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    Quote Originally Posted by COEngineer View Post
    This thread can be summed up with one of Rinella's favorite quotes, paraphrased here, "There are two types of hunters. The guys in my party and the assholes."

    The further I hike in, the fewer of both types I have to deal with.
    That's awesome.

  7. #57
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    Quote Originally Posted by beginnerhunter View Post
    No offense, Buzzh, because I respect your opinions and I don't know your situation. But a little kindness and explanation can often be a better choice than an ass-chewing, especially with NRs who may not have much experience. Just MHO.
    NR or not, you flat don't park your machine 20 feet from the front door of my wall tent...you aren't getting an explanation...you're getting your ass chewed.

    Who doesn't have the common sense to know better than to pull that crap?

    I don't think an explanation would do those types a bit of good.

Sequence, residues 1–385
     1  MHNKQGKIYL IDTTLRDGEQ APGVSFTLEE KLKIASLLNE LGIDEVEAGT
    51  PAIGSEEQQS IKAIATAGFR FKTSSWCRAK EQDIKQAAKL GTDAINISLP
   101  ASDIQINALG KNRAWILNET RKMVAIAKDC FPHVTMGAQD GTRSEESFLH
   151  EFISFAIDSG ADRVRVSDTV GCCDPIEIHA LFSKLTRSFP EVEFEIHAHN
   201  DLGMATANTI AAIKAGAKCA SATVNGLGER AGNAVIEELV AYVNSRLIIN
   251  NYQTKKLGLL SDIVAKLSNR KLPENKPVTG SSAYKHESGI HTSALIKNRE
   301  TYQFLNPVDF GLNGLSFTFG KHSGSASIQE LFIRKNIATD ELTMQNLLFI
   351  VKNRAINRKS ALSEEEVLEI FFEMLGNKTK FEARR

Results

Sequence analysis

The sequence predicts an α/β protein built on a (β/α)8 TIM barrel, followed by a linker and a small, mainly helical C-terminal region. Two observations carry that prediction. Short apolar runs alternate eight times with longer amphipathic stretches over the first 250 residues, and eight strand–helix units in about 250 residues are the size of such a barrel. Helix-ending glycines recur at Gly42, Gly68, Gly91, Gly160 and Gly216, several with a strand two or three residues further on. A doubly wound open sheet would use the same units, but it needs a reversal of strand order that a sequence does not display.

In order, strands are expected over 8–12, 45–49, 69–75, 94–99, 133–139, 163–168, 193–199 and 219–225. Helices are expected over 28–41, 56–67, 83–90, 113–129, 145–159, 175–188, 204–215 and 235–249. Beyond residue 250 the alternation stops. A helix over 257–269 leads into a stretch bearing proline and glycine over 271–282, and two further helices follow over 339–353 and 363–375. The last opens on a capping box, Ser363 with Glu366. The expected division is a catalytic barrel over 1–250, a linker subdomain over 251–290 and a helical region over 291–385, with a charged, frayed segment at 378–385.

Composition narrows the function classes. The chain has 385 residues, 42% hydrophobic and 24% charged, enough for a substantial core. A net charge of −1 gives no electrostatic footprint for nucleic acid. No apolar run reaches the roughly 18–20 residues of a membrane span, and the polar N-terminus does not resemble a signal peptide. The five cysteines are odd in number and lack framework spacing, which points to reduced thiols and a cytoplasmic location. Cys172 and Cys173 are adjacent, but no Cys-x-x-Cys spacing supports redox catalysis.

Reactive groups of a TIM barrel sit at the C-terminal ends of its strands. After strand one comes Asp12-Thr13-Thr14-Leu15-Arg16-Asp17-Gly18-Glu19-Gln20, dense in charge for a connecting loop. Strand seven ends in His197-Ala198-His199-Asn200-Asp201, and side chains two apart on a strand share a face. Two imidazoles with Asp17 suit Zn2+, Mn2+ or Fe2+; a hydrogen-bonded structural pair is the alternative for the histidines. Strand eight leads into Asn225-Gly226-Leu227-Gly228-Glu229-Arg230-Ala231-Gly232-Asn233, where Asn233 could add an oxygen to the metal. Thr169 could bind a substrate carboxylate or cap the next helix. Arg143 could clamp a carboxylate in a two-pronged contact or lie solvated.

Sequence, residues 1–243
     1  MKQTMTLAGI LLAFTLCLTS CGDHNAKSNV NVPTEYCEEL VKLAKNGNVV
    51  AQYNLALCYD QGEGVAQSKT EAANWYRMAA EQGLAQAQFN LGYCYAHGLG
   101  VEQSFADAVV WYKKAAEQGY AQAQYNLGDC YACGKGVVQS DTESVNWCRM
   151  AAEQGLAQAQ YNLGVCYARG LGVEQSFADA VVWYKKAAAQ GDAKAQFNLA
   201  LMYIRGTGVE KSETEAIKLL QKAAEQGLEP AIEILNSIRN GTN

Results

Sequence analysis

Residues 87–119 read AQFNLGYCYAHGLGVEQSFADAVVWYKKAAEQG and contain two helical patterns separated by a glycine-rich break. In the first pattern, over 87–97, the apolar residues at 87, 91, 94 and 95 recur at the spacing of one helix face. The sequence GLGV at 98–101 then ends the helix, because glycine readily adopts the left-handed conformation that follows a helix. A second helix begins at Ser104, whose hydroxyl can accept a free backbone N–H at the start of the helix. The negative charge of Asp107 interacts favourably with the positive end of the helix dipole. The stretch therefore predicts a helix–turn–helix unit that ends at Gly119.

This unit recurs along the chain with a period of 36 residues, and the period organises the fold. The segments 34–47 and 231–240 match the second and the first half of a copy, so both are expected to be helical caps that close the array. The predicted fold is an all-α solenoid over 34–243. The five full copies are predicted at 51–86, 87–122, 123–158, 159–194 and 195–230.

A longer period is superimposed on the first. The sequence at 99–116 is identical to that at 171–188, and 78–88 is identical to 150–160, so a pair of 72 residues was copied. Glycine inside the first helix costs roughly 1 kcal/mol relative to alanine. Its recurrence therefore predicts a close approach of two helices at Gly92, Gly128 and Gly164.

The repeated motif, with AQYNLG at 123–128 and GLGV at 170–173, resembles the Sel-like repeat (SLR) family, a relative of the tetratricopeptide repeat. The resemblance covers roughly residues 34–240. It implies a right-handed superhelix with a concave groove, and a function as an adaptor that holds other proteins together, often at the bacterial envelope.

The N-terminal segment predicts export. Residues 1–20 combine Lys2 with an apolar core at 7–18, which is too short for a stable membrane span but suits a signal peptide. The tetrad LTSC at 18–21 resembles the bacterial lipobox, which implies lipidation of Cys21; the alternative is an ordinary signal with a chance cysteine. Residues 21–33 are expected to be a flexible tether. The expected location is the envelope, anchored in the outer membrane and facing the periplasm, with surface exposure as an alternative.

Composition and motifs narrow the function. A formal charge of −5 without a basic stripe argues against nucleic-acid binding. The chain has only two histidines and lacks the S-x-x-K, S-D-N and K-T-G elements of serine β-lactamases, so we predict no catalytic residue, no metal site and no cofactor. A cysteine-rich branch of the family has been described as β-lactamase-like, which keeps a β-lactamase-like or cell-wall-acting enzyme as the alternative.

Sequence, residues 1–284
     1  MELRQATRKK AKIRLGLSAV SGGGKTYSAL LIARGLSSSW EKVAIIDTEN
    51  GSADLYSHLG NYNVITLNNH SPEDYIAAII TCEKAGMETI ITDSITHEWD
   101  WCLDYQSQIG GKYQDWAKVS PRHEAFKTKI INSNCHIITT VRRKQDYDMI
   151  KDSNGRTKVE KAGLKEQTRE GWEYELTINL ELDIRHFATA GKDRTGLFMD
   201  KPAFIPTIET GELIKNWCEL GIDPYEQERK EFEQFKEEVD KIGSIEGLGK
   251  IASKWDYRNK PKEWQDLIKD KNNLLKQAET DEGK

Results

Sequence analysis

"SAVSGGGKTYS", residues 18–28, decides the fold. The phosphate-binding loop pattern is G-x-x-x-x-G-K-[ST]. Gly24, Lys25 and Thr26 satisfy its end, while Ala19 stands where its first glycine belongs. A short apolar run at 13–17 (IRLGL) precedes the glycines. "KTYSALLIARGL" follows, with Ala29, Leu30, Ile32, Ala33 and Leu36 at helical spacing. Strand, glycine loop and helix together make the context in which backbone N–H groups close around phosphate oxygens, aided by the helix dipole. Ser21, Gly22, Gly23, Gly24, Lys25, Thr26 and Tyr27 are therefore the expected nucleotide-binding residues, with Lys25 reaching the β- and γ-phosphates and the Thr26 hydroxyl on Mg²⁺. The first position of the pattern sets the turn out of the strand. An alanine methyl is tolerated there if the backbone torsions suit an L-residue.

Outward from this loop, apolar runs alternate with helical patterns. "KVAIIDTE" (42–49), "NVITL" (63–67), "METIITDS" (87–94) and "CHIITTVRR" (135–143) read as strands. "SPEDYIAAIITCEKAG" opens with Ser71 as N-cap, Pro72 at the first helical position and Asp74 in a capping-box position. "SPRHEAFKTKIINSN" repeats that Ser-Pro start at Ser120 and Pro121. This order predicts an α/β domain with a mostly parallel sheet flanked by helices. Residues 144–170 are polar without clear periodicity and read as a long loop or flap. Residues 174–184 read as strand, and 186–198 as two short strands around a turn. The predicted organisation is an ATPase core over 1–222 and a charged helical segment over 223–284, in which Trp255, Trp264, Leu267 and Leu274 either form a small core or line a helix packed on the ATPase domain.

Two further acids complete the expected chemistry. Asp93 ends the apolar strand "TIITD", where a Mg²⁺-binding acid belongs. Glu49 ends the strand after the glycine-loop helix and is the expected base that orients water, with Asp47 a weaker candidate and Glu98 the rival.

For the record, I'm very kind to NR, and R hunters when they don't act like a bunch of jackasses. Ran into a NR that posts on several boards, including hunttalk, while hunting mule deer this fall. We were both hunting the same spot and I left an area I'd seen a good buck in because he was there first. He ended up killing one of the bucks I had seen and I went over a few hours later to congratulate him on his deer. Super good guy.

    I got the impression he wasn't the type of person to park his ATV 20 feet from my tent...
    Last edited by BuzzH; 12-05-2018 at 04:41 PM.
    "...the world outside, which my brother and I soon discovered, was full of bastards, the number increasing rapidly the farther one gets from Missoula, Montana." -Norman Maclean

    "They were still so young they hadn't learned to count the odds and to sense they might owe the universe a tragedy"
    -Norman Maclean

  8. #58